Silver Coating Maintains Reflectance
Aaron J. Hand
Although the reflectors behind the xenon flashlamps that pump the Nd:glass amplifiers in the National Ignition Facility's 192 laser beams might seem at most a secondary concern, their reliability is important.
Lawrence Livermore National Laboratory has developed a coating whose high reflectance and durability make it suitable to coat mirrors for telescopes, photocopiers and bathrooms, among others.
Silver has been the material of choice because it reflects well from 400 to 1000 nm over a broad range of angles. But bare silver tarnishes and corrodes in normal atmospheres, potentially reducing amplifier performance over time. Researchers at Lawrence Livermore -- with help from Viratec Thin Films Inc. in Faribault, Minn. -- have developed a silver coating that protects the surfaces from tarnishing.
For the National Ignition Facility, the reflectors must have an average reflectance of >95 percent for angles of 0° to 60°, and >90 percent for angles of 60° to 80°, for a wavelength range of 400 to 1000 nm. They also need to withstand 24,000 intense flashes over 30 years in normal atmospheric conditions.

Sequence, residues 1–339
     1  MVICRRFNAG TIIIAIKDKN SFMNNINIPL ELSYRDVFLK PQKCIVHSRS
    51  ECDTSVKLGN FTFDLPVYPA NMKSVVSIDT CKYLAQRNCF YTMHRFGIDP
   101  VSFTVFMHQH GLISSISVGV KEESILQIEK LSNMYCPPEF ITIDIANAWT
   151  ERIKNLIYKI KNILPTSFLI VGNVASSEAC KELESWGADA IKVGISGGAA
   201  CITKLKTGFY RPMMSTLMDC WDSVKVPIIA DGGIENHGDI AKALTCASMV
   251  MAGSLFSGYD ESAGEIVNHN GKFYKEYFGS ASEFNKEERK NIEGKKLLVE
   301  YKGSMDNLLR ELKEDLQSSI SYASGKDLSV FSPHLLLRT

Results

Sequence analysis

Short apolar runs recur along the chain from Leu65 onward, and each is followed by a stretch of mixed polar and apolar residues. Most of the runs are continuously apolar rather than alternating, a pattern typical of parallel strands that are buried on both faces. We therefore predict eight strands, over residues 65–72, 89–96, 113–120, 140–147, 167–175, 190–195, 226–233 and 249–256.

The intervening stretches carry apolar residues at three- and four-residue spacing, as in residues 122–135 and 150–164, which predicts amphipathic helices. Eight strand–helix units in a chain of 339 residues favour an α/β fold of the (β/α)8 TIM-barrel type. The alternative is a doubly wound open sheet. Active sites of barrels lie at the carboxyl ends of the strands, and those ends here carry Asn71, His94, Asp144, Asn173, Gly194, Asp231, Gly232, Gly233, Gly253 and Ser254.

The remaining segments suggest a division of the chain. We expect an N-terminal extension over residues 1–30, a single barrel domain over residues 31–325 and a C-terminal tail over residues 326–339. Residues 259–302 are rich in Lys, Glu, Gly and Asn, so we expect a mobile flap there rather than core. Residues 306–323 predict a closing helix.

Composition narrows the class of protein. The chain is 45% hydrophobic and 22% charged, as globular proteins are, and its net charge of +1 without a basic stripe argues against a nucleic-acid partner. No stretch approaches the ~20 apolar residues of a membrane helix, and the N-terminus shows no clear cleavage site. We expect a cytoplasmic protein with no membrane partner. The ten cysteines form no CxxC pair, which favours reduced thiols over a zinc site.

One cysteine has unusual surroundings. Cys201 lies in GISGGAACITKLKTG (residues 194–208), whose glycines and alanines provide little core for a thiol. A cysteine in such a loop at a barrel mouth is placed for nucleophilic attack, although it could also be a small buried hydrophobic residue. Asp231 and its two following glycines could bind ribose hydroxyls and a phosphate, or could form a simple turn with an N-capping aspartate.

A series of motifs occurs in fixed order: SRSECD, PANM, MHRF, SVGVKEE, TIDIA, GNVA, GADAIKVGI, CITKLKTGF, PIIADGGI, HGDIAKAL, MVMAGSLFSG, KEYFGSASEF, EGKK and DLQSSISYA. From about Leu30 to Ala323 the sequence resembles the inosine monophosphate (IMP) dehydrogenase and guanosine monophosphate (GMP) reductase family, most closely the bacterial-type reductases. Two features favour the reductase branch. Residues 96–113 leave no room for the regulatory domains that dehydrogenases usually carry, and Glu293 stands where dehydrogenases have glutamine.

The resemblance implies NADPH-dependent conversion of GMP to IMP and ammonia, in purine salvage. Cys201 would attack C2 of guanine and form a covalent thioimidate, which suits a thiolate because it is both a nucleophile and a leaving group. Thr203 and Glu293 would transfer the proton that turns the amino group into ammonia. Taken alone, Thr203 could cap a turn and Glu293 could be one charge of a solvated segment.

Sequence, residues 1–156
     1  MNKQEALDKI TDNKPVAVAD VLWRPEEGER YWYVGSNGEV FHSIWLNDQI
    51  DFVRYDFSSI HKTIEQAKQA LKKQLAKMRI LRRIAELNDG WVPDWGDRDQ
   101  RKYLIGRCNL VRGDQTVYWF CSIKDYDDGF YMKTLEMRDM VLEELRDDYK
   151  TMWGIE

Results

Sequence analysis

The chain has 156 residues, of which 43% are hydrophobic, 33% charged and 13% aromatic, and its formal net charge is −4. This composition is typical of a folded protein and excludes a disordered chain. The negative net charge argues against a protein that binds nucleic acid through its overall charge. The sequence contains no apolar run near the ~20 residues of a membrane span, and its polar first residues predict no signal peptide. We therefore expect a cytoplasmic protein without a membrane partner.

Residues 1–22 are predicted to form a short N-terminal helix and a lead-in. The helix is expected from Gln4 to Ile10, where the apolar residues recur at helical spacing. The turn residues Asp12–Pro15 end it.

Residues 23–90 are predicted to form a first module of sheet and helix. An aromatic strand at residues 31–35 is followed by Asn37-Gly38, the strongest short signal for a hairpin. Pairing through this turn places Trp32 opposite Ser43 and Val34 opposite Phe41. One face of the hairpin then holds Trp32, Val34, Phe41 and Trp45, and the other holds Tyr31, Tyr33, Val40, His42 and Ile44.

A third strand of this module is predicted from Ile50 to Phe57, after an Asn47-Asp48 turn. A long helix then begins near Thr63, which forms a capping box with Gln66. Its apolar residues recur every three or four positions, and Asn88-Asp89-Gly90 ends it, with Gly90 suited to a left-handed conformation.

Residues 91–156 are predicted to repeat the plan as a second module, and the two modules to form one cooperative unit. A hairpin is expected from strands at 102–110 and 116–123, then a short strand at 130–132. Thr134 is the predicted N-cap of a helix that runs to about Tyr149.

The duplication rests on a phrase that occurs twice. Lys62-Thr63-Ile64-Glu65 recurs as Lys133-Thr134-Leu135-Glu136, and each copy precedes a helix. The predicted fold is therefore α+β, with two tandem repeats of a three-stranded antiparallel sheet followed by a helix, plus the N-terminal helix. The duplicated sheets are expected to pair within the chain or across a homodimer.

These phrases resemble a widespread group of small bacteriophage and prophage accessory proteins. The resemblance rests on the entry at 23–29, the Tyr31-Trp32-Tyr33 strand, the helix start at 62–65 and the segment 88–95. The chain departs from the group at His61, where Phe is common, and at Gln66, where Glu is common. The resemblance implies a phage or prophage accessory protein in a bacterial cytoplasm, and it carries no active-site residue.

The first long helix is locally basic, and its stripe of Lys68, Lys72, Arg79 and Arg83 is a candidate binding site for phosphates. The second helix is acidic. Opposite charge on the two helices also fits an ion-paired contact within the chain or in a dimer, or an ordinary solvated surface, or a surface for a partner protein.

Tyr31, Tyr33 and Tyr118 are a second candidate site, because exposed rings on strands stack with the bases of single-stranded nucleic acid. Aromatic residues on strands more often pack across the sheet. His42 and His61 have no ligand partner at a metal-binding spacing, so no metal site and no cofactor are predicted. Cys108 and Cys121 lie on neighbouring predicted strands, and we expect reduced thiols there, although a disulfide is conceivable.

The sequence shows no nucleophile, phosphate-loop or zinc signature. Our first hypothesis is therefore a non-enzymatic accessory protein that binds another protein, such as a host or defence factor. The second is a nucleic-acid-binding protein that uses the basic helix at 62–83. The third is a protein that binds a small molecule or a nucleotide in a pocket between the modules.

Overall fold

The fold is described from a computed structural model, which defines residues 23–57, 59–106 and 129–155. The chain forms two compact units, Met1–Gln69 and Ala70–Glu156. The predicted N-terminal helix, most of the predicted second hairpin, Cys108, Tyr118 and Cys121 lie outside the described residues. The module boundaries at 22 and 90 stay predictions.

To achieve this, the new coating designed by Jesse Wolfe consists of adhesion and passivation layers on each side of the sputtered silver, improving mechanical and chemical durability; a layer of silicon nitride, which improves mechanical durability and protects from corrodants; and metal oxide layers that return reflectance to acceptable levels.
Researchers are working out a means of measuring the coating's long-term reliability. The coating has survived exposure to 20,717 xenon flashes for four months in "100 percent Livermore air -- smog and all," said Norman Thomas, an optical engineer working on the project. The coating has maintained a reflectance of 95 to 98 percent and has shown no change in appearance or optical properties. It also survives salt fog and humidity.
Commercial industry has already shown interest in the development, Thomas said. It is rugged enough for military and space applications, protecting mirrors from desert sands, for example. But it also could protect mirrors in photocopiers and projection televisions, and could be used as a first-surface reflector on bathroom mirrors.
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